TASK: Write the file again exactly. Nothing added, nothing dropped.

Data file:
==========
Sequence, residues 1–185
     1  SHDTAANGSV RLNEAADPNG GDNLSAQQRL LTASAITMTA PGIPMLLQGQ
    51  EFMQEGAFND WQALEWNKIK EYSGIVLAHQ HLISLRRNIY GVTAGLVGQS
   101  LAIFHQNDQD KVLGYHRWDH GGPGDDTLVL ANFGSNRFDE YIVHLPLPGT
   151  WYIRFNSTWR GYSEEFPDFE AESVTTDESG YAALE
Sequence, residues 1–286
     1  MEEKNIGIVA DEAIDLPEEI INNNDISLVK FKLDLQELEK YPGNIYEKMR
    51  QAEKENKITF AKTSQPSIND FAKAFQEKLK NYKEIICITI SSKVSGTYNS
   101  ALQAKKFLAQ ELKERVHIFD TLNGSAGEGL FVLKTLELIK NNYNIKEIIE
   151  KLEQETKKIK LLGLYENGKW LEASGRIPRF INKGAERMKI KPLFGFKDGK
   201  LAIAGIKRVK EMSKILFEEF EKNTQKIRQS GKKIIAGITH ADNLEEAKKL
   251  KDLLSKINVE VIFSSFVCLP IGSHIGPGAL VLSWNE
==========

Sequence, residues 1–185
     1  SHDTAANGSV RLNEAADPNG GDNLSAQQRL LTASAITMTA PGIPMLLQGQ
    51  EFMQEGAFND WQALEWNKIK EYSGIVLAHQ HLISLRRNIY GVTAGLVGQS
   101  LAIFHQNDQD KVLGYHRWDH GGPGDDTLVL ANFGSNRFDE YIVHLPLPGT
   151  WYIRFNSTWR GYSEEFPDFE AESVTTDESG YAALE
Sequence, residues 1–286
     1  MEEKNIGIVA DEAIDLPEEI INNNDISLVK FKLDLQELEK YPGNIYEKMR
    51  QAEKENKITF AKTSQPSIND FAKAFQEKLK NYKEIICITI SSKVSGTYNS
   101  ALQAKKFLAQ ELKERVHIFD TLNGSAGEGL FVLKTLELIK NNYNIKEIIE
   151  KLEQETKKIK LLGLYENGKW LEASGRIPRF INKGAERMKI KPLFGFKDGK
   201  LAIAGIKRVK EMSKILFEEF EKNTQKIRQS GKKIIAGITH ADNLEEAKKL
   251  KDLLSKINVE VIFSSFVCLP IGSHIGPGAL VLSWNE